(Due to a technical glitch, most of you were not notified when I last posted. You can follow this link to read the post if you missed it. I think the problem is fixed now!)
As so often happens, several threads came together to weave this post. The first was a suggestion from Seth Godin to follow our wandering mind, as that’s where our heart might be.
On first read, I smiled and thought “of course,” because following my imagination is one of my greatest pleasures.
As I considered it over a period of days, however, noting where my mind wanders, I discovered something.
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I happily follow my wandering mind as long as I feel undisturbed about where it goes. The minute I start to get uncomfortable, however, I shackle it. Brutally. This might be with distraction, compulsive productivity, or starting to speed. A lot of people eat, overexercise, or get trapped in substance abuse. Let us count the ways!
I have rules about where my mind is allowed to go. I enforce my rules without mercy, in collaboration with draconian internal voices. My rigidity is not so much about my thoughts wandering as it is the feelings I have about my thoughts. This is emotional intelligence 101, and I’ve written about it before.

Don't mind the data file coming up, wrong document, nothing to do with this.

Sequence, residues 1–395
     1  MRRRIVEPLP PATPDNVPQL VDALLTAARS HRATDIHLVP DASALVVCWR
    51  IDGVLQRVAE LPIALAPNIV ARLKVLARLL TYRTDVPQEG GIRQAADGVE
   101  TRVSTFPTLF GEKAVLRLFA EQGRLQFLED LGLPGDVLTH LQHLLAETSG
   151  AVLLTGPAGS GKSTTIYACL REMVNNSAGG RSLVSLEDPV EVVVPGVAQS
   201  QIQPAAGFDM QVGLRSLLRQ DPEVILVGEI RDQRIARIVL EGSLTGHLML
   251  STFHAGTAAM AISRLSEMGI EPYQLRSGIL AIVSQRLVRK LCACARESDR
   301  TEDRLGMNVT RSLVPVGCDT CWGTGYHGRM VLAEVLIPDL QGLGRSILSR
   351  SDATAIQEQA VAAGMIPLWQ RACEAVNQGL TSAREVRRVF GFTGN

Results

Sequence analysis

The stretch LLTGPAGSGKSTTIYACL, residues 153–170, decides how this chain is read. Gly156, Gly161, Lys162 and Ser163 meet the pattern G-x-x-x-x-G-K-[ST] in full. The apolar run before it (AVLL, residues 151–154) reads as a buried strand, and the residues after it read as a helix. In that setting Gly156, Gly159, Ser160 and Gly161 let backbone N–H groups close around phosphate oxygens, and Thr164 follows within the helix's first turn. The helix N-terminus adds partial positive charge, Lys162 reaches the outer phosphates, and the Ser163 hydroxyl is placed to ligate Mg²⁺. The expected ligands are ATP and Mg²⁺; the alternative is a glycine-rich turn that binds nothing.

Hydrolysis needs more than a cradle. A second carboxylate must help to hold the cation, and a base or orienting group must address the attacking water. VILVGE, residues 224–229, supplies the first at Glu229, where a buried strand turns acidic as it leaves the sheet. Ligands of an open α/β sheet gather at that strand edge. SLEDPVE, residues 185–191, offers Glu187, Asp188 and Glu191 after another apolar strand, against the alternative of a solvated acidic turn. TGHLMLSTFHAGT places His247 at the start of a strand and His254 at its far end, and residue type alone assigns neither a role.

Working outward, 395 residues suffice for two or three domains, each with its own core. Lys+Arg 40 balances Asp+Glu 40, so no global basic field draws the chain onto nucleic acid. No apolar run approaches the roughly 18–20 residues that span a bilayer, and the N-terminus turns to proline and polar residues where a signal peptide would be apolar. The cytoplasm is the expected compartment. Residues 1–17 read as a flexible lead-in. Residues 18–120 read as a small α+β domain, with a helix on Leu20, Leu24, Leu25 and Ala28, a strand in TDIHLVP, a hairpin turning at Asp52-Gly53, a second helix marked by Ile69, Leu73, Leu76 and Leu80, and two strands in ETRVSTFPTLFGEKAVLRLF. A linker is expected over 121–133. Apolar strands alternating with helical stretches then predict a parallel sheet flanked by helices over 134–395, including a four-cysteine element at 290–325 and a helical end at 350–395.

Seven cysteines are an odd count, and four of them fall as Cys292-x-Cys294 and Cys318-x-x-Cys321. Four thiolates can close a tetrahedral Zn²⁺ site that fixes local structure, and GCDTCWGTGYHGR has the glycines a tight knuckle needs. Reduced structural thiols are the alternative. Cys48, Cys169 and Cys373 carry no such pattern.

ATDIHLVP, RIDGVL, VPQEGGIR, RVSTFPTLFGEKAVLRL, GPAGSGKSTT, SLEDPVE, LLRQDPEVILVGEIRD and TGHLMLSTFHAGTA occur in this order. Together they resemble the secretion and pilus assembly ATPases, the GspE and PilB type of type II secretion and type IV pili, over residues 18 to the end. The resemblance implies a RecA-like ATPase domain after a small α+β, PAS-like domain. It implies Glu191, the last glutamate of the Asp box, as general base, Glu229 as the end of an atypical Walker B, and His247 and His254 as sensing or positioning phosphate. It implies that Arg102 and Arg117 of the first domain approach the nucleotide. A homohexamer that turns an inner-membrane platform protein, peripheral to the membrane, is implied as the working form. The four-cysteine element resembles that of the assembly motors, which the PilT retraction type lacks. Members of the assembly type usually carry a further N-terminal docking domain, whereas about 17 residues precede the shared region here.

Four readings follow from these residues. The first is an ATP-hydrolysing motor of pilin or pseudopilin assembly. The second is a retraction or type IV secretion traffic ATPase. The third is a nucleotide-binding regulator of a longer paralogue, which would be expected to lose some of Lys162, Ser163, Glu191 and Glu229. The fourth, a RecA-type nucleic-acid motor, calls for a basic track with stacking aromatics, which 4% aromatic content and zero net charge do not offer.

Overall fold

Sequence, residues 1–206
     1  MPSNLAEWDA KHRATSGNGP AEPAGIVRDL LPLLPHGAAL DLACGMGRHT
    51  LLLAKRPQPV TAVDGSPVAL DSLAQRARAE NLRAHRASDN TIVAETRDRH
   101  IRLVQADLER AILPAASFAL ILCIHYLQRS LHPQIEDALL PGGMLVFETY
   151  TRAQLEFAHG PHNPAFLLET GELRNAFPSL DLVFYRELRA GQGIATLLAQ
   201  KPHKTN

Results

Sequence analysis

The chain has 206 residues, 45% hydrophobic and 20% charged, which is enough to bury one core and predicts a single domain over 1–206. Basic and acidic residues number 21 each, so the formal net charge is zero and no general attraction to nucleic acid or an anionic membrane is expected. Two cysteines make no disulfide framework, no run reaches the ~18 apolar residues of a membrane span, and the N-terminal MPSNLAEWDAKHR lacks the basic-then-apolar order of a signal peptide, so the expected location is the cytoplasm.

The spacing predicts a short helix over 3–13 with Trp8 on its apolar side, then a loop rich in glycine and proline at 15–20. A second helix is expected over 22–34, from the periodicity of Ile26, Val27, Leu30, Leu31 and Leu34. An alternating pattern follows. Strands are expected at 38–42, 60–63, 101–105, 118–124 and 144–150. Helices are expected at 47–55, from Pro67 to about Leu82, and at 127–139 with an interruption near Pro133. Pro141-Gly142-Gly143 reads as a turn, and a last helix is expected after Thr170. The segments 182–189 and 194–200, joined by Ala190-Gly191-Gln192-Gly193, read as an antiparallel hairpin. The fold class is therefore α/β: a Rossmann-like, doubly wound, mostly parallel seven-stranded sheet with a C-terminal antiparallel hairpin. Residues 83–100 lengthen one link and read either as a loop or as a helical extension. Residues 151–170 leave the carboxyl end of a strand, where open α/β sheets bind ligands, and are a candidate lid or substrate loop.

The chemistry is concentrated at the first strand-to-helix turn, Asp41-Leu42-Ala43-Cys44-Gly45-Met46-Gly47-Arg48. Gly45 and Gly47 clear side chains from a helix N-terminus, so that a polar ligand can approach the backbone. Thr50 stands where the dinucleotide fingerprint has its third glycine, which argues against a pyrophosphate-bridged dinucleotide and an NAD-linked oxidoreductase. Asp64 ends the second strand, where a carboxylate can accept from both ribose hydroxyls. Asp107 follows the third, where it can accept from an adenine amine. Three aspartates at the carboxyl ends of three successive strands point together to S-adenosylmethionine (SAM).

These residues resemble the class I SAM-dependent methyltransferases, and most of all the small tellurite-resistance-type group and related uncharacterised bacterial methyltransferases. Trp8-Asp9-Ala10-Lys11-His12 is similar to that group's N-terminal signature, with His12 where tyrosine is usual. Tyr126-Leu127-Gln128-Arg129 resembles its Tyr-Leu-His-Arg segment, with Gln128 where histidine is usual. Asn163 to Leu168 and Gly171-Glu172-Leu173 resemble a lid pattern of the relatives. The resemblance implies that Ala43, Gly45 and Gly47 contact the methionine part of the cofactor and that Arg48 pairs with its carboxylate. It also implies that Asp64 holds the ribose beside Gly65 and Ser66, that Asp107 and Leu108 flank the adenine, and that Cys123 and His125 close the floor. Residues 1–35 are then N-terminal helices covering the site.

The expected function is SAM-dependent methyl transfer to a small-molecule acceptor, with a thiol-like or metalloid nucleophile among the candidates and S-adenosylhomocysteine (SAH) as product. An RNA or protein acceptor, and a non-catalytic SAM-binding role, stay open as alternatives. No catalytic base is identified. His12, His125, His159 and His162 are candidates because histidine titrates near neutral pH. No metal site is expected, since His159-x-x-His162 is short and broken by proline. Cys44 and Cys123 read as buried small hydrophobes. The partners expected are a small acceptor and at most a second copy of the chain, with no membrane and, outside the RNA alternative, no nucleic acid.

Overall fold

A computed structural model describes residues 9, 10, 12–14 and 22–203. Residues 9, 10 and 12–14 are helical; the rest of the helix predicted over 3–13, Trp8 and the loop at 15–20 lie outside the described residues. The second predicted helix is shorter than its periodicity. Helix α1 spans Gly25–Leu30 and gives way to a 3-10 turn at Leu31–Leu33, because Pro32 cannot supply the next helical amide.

Thoughts and feelings are not the same thing.
In essence, then, I’m putting a lid on my feelings. Again. Still.
It doesn’t work. It never works, and I know this, but I do it anyway.
I do it for the same reason we all attempt to avoid painful feelings. They’re painful! Avoidance is easier than allowing ourselves to feel them, find healthy ways to express them, and let them go.
How many thoughts do we have in a day? I suspect most of us chew on the same preoccupations day after day, whether our thoughts engender feelings of rage, grief, fear, or shame, or a combination du jour. Uncomfortable territory. Also highly addictive territory. I’m chagrined to admit my own attraction to struggle. It’s so easy! Which is ridiculous, because it makes everything much, much harder than it needs to be, physically, emotionally, and generally.
Maybe what I mean is it’s so familiar!